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Accordions make comeback, Oklahoma club members say

The Oklahoma Accordion Club prepares for Aug. 10 concert in Norman.
By Henry Dolive, For The Oklahoman Published: July 19, 2014

Ask Dick Albreski nearly anything about accordions, and he will know the answer.

Based on nearly 70 years of performing, teaching and repairing accordions, the Oklahoma City musician can explain proper technique and care for the instrument, where the best ones are made (Italy), music that can be played on the accordion (any kind), and prices ($400 to nearly $12,000).

Just don’t bother telling him an accordion joke.

“I don’t care for accordion jokes,” he said. “I take the accordion very seriously.”

Albreski, 76, is one of more than 100 accordion enthusiasts in Oklahoma City.

Fourteen years ago, he and seven other musicians formed the Oklahoma Accordion Club, a group dedicated to helping its members improve their playing and to advancing appreciation for the sometimes-maligned instrument.

The club now has about 60 members who meet monthly — to rehearse, conduct business and listen to their fellow accordionists play.

The most recent club meeting served as a dress rehearsal for their annual showcase concert set for next month in Norman.

Barbara Duer, the group’s president, said the concert will feature club members in accordion solos, duets, trios and quartets.

“We had standing room only last year, and we are expecting a good crowd again this year,” she said.

In and out of popularity

Duer, 71, said she grew up in Pennsylvania, where the accordion was popular, and began playing when she was 10. She said she stopped playing several years ago when the instrument fell out of popularity, turning to the classical guitar.

In its heyday, she said, the accordion was widely accepted as a performance instrument, its popularity enhanced by bandleader Lawrence Welk and his long-running television show that featured accordion virtuoso Myron Floren.

Duer thinks the instrument is gaining acceptance again, and she is happy she decided to resume playing. Particularly appealing to her is Klezmer music, the Jewish folk music of eastern Europe in which the accordion is a staple instrument.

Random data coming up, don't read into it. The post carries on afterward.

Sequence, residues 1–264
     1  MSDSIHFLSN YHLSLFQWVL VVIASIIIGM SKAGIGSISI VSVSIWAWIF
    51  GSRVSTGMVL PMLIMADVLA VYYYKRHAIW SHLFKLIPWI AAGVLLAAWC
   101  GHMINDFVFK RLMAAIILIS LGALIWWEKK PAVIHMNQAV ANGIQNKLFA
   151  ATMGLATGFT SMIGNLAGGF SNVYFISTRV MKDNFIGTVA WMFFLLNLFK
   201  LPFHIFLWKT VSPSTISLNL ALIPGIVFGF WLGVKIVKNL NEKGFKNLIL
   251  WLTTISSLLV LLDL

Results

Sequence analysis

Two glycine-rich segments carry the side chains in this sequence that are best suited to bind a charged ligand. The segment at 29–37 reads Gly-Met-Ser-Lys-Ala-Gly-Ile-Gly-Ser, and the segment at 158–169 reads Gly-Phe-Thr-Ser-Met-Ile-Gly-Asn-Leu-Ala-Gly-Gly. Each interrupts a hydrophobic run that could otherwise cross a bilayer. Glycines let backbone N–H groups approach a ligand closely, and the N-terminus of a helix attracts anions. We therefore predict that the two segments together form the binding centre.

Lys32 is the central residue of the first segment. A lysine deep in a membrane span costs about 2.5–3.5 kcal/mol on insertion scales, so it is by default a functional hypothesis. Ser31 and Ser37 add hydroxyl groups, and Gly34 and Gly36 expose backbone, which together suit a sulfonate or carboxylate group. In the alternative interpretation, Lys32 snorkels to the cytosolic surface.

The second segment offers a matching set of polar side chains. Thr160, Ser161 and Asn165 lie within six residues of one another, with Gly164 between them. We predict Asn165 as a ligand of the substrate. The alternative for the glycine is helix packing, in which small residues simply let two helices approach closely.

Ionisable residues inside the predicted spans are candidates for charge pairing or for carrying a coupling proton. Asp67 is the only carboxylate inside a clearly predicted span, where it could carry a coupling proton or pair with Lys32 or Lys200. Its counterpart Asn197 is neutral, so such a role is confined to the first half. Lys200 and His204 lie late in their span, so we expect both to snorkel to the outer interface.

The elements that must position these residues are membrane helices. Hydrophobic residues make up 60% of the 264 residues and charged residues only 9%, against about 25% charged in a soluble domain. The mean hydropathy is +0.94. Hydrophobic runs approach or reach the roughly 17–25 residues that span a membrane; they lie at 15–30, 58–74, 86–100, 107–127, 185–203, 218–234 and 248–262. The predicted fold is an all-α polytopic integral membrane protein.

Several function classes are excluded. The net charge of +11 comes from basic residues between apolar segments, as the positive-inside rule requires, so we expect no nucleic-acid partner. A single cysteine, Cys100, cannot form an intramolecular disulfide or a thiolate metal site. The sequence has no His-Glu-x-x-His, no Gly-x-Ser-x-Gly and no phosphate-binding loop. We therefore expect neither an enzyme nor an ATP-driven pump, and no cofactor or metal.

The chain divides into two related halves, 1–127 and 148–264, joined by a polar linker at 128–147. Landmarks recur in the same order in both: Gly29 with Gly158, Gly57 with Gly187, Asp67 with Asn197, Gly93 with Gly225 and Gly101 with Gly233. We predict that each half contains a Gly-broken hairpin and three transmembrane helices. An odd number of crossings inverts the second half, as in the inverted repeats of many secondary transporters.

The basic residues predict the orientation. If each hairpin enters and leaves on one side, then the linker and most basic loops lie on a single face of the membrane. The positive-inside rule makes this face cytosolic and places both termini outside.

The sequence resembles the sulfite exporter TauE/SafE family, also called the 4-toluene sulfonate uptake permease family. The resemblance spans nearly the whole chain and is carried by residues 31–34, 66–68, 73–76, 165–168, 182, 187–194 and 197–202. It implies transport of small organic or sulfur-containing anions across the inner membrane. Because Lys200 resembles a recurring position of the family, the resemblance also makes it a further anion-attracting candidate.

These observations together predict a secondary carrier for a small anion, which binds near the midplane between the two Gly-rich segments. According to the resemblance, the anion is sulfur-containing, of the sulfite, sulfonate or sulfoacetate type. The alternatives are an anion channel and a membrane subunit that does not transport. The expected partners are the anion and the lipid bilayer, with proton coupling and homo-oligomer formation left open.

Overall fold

“Every country in the world has the accordion in its music,” Duer said. “You can play any type of music on it. With an accordion, you have an entire orchestra.”

A nursing instructor at Rose State College, Duer said the local accordion club has value beyond music.

“It has been a new social group for me,” she said.

‘Something you hug’

Albreski performs throughout Oklahoma and several other states.

“I have been playing since I was 6,” he said. “It’s something I really enjoy.

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Did you know?

Accordion facts

The Chinese Cheng, which was introduced to Europe in 1777, is generally credited with being the musical instrument that initiated the ideas used to develop the accordion. Development of what was to become the modern accordion began in the early 1800s. Accordion manufacturing began in the 1860s.

Sound is produced by air compressed by a series of hand-operated bellows and flowing across metal reeds that usually are held in place by beeswax and resin. Accordions can have two, three and four sets of reeds. A piano-like keyboard is played with the right hand, while the left hand operates bass note and chord buttons while the arms compress and expand the bellows.

Some, known as free-bass accordions, produce notes with buttons rather than keys.

Accordions vary in weight from 15 to 30 pounds and come in a variety of color patterns and exterior designs.

To learn more

For more information about accordions, go to the Accordions Worldwide website at


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